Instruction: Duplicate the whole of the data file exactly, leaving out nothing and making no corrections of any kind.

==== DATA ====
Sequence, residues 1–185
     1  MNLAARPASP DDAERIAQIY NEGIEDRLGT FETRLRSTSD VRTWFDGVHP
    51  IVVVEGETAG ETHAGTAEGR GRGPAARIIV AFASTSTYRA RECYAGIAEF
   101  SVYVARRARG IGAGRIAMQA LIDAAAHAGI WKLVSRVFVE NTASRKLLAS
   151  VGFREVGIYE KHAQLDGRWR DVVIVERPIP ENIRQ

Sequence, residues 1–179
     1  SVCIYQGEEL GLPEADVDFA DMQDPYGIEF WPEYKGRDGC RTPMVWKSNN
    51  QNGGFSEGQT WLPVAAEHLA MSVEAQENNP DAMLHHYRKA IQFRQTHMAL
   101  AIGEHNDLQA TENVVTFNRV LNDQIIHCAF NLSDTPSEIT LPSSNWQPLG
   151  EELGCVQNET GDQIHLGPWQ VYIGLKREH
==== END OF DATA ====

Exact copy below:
Sequence, residues 1–185
     1  MNLAARPASP DDAERIAQIY NEGIEDRLGT FETRLRSTSD VRTWFDGVHP
    51  IVVVEGETAG ETHAGTAEGR GRGPAARIIV AFASTSTYRA RECYAGIAEF
   101  SVYVARRARG IGAGRIAMQA LIDAAAHAGI WKLVSRVFVE NTASRKLLAS
   151  VGFREVGIYE KHAQLDGRWR DVVIVERPIP ENIRQ

Sequence, residues 1–179
     1  SVCIYQGEEL GLPEADVDFA DMQDPYGIEF WPEYKGRDGC RTPMVWKSNN
    51  QNGGFSEGQT WLPVAAEHLA MSVEAQENNP DAMLHHYRKA IQFRQTHMAL
   101  AIGEHNDLQA TENVVTFNRV LNDQIIHCAF NLSDTPSEIT LPSSNWQPLG
   151  EELGCVQNET GDQIHLGPWQ VYIGLKREH